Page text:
Trump accuses own deputy attorney general of 'planning illegal act' in early morning Twitter rant

Samuel Osborne

Donald Trump has accused his own deputy attorney general of breaking the law in a series of early morning tweets railing against current and former law enforcement officials.

Mr Trump lashed out on Twitter at former FBI director Andrew McCabe, whose new book details his concerns about potential foreign influence over the president, and current deputy attorney general Rod Rosenstein, who initiated special counsel Robert Mueller’s investigation.

“Wow, so many lies by now disgraced acting FBI Director Andrew McCabe,” Mr Trump tweeted on Monday morning. “He was fired for lying, and now his story gets even more deranged. He and Rod Rosenstein, who was hired by Jeff Sessions (another beauty), look like they were planning a very illegal act, and got caught.”

In an interview with CBS’s 60 Minutes, Mr McCabe described Mr Rosenstein as having raised the prospect of invoking the 25th Amendment to remove Mr Trump from office.

Mr Trump said: “This was the illegal and treasonous ‘insurance policy’ in full action!”

The US president’s outburst comes after Mr McCabe, who was fired last year the day before his scheduled retirement, said last week Mr Rosenstein offered in May 2017 to secretly record himself in conversation with Mr Trump following the president’s firing of then-FBI director James Comey.

In an interview with 60 Minutes that aired on Sunday, Mr McCabe said a “crime may have been committed” when President Trump fired the head of the FBI and tried to publicly undermine an investigation into his campaign’s ties to Russia.

McCabe also said the FBI had good reason to open a counterintelligence investigation into whether Mr Trump was in league with Russia, and therefore a possible national security threat, following the firing.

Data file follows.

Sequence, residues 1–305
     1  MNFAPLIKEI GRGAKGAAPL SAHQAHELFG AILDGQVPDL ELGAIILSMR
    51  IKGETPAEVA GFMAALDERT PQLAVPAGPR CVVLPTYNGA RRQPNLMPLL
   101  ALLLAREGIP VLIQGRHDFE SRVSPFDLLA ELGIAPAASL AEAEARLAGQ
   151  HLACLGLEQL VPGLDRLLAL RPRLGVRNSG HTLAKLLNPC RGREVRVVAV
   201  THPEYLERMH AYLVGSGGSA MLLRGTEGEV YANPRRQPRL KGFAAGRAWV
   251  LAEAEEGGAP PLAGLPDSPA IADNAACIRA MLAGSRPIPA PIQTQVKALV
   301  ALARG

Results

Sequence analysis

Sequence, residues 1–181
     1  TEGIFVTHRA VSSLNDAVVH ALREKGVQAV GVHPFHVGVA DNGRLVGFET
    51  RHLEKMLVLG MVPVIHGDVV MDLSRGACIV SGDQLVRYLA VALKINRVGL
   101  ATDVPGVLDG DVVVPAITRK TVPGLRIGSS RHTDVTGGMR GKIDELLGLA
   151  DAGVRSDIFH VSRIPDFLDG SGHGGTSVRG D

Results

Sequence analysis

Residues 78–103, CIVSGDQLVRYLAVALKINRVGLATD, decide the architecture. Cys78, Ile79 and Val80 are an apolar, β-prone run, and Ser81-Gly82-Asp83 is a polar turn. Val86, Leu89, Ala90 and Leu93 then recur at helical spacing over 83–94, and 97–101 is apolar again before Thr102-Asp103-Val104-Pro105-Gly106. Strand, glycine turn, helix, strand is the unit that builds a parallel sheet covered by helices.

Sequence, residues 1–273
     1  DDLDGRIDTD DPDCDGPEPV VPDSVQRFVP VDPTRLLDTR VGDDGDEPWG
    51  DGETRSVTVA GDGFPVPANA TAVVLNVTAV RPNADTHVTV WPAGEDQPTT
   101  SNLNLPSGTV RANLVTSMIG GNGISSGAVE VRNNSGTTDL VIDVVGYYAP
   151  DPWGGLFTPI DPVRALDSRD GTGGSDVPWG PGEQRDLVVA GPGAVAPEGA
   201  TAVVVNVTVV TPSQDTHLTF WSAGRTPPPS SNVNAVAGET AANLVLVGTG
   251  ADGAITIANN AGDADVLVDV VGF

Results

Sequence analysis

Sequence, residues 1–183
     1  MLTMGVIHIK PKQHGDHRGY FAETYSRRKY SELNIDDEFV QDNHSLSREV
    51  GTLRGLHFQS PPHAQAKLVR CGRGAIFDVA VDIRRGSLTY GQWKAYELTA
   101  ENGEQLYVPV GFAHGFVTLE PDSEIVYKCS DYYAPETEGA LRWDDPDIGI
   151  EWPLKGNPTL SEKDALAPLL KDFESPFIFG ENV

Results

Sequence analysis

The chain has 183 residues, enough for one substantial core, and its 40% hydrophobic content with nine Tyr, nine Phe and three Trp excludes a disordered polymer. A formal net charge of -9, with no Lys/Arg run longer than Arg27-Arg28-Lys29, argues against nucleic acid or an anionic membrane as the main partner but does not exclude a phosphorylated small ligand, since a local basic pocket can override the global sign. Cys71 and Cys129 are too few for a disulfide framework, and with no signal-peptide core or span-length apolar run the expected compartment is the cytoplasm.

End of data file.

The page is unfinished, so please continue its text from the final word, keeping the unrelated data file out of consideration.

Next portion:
“And the idea is, if the president committed obstruction of justice, fired the director of the of the FBI to negatively impact or to shut down our investigation of Russia’s malign activity and possibly in support of his campaign, as a counterintelligence investigator you have to ask yourself, “Why would a president of the United States do that?” Mr McCabe said.

He added: “So all those same sorts of facts cause us to wonder is there an inappropriate relationship, a connection between this president and our most fearsome enemy, the government of Russia?”

Asked whether Mr Rosenstein was onboard with the obstruction and counterintelligence investigations, Mr McCabe replied, “Absolutely.”

Mr McCabe also revealed that when Mr Trump told Mr Rosenstein to put in writing his concerns with Mr Comey — a document the White House initially held up as justification for his firing — the president explicitly asked the Justice Department official to reference Russia in the memo.

Mr Rosenstein did not want to, Mr McCabe said, and the memo that was made public upon Mr Comey’s dismissal did not mention Russia and focused instead on Mr Comey’s handling of the Hillary Clinton email server investigation.

“He explained to the president that he did not need Russia in his memo,” Mr McCabe said. “And the president responded, ‘I understand that, I am asking you to put Russia in the memo anyway.’”